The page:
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Brobb-DFP-JustinHurt1.jpg Brad Robb
A load of chicken litter behind Mississippi farmer Justin Hurt will be spread at the rate of 1 ton per-acre across his corn, peanut, and soybean ground again in 2019.

Mississippi farmer finds success with peanuts and corn

Justin Hurt understands the advantages of land conservation and nutrient management.

The community of Greenleaf, located in the northeastern part of Tate County, Miss., was given its name from a nearby lush green grove when the original settlement started in the middle 1800s. Dairy barns dotted the landscape, and third-generation farmer Justin Hurt can trace his lineage back to the first Hurts who settled in that area.

In those early days, the people in the area who made their living in agriculture had 100 or so acres and dairy cows. “That’s just the way it was back then,” says Hurt, who today spends most of his time farming corn, soybeans and peanuts on over 3,000 acres of row crop ground, while his father, Kenny, oversees Greenleaf Farms’ 450 momma cows and a few young stockers on 1,500 acres of pasture land on both sides of the county. “My brother, Adam, farms with us, and we have six other workers — two are what I call true cowboys who work the cattle with dad.”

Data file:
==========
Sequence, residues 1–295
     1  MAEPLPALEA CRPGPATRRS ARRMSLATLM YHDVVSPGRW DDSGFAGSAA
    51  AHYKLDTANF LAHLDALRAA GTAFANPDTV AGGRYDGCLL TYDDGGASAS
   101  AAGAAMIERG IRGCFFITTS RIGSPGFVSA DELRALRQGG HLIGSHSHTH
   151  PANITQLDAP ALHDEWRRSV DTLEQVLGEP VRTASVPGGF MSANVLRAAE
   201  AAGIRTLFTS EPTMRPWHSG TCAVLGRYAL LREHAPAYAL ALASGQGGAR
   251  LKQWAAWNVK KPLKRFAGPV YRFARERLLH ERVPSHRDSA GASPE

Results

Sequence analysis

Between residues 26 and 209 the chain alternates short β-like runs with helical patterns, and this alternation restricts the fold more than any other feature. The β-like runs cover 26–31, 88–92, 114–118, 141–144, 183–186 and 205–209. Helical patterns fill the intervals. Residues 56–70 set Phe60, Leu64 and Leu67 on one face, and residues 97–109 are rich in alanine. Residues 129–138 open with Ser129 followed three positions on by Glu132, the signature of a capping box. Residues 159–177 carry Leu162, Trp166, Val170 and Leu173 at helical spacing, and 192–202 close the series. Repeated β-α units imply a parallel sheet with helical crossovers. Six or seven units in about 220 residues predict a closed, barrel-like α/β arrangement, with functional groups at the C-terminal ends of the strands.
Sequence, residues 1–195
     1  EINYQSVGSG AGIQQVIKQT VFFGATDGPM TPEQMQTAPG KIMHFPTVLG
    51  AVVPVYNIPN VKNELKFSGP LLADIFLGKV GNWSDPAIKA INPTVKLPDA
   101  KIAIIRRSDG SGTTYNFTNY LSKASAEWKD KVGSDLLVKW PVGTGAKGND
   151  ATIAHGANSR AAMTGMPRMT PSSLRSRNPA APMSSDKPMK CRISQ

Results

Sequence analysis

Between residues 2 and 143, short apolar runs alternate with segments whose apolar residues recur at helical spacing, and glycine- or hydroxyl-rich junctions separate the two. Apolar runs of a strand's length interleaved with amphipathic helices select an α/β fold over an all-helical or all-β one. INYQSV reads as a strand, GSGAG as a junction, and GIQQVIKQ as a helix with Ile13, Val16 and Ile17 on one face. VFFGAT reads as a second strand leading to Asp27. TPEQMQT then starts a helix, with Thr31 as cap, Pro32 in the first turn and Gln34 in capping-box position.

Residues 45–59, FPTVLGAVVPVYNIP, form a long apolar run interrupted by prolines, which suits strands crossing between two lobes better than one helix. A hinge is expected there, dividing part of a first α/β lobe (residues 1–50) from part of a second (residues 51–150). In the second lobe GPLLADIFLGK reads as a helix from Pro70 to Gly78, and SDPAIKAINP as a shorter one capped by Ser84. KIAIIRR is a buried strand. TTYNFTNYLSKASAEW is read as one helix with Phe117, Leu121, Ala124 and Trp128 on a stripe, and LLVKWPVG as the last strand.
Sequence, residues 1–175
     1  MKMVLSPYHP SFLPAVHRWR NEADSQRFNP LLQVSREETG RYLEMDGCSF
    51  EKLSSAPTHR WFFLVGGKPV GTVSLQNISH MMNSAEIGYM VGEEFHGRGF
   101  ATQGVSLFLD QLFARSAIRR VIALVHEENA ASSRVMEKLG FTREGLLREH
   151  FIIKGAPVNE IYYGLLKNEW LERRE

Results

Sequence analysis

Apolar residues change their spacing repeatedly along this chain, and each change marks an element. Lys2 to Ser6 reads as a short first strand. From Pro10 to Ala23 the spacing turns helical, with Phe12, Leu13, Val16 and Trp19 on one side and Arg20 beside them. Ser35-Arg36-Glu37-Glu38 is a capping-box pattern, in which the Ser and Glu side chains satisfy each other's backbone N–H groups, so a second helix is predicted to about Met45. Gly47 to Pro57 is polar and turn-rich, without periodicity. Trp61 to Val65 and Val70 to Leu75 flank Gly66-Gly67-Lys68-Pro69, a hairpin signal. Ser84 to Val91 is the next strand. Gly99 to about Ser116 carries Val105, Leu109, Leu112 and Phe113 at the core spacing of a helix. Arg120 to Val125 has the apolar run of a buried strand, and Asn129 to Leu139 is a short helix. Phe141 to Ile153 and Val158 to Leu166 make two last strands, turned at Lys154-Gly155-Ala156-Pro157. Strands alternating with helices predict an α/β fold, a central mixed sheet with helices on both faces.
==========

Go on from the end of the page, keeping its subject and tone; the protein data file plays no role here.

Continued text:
Justin’s father remembers all too well the arduous lifestyle of dairy farming. “When dad graduated from college, he knew what he didn’t want to do — work on a dairy operation,” laughs the 37-year-old dryland farmer who has been knocking down record-setting corn and peanut yields on the sandy soils around Moore’s Bottom since 2005. “I worked at a fertilizer plant for one year after I earned my ag engineering technology and business degree at Mississippi State University,” adds Hurt. “It didn’t take me long to hear the farm calling.”

The Hurts farmed land they rented for many years around Moore’s Bottom when Justin was young, but the family started buying land 12 years ago. “I can’t remember a time when I wasn’t spending time in this bottom area,” says Hurt. “I told my wife, Anna, when we got married, if we bought some of this land, I already had a spot picked out for our house.”

The land and the crops